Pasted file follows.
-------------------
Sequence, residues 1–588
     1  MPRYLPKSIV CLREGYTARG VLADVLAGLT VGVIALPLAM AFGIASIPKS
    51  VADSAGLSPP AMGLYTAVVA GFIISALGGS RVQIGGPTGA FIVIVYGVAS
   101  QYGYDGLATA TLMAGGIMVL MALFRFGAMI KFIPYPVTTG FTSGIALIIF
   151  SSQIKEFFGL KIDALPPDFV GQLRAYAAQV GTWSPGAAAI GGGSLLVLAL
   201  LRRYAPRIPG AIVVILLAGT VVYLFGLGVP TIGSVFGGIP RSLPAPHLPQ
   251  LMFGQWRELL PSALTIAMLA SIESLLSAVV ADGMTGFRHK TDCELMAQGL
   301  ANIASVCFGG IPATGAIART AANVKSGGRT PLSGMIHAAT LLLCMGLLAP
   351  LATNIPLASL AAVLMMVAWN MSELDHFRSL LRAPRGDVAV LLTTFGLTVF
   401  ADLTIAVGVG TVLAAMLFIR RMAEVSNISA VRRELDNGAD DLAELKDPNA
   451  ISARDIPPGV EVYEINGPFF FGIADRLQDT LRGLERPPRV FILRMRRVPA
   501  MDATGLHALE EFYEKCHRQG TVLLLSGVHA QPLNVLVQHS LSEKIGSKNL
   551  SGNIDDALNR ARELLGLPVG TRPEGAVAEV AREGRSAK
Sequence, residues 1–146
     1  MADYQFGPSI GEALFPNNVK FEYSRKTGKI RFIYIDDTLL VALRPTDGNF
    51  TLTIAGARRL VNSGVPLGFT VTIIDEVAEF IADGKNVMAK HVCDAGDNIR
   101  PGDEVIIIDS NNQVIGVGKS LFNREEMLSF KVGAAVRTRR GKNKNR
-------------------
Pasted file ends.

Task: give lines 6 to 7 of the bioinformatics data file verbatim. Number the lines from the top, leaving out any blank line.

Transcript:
   201  LRRYAPRIPG AIVVILLAGT VVYLFGLGVP TIGSVFGGIP RSLPAPHLPQ
   251  LMFGQWRELL PSALTIAMLA SIESLLSAVV ADGMTGFRHK TDCELMAQGL